Noelle Teska first knew she may lose her job as a bartender at a cinema in Syracuse when some of her colleagues circulated an article about New York Gov. Andrew Cuomo’s mandate to close bars, restaurants, and other large venues in an effort to prevent the further spread of the coronavirus. Sure enough, the 31-year-old and her colleagues were told that the company could not keep them on and that they should apply for unemployment.
“That day was spent in a blur but when they sent me home that day I realized. I don’t have a job,” Teska said. “I just started panicking.”
As someone who lives paycheck to paycheck — like more than two-thirds of US Americans — Teska has little savings and is worried about paying her bills in the coming weeks. She’s started being paid to donate plasma to make a little bit of income. She has a preexisting condition that makes her more prone to respiratory illnesses, and she lives with her sister and her prediabetic father. She’s tried to pick up some other work, like delivering food, but is worried about infecting her father.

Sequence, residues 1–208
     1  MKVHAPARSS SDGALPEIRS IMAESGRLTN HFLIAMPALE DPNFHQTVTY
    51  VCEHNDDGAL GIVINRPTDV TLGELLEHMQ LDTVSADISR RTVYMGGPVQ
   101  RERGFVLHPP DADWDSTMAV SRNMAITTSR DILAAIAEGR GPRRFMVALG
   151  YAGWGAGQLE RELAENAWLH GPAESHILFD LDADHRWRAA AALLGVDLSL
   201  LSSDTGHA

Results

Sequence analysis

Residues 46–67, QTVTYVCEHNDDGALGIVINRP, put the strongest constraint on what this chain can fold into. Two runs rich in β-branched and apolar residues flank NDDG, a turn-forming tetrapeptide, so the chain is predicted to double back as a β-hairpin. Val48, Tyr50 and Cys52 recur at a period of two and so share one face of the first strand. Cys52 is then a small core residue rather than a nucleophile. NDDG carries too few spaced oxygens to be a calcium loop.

Teska immediately tried to apply for unemployment benefits both through the website of New York State’s Labor Department and through the Labor Department’s hotline — and was unsuccessful for 11 days straight.
[Are you unemployed because of the coronavirus? Here’s a guide of websites and benefits by state. And if you are willing to share your story, please email reporter Lam Thuy Vo at email@example.com or reach out to us via one of our tip line channels.]
Sometimes Teska would get through the first few pages of the websites, typing her information into forms, and then the website would crash. Once, she was able to get all the way to the last screen and then, when she hit submit, the website returned an error page and logged her out of the system.
She tried calling, but that didn’t work. She heard that a friend only got through after more than 100 tries.
Teska posted about her situation on Facebook, and some suggested she try on different weekdays. The state has directed people to apply on the website based on the first letter of their last name in order to stagger people calling in or applying online, according to Deanna Cohen, a spokesperson for the New York State Labor Department. Teska was finally able to complete the online part of her application on Friday at 6:30 p.m., though she will still have to call the unemployment hotline to complete her claim.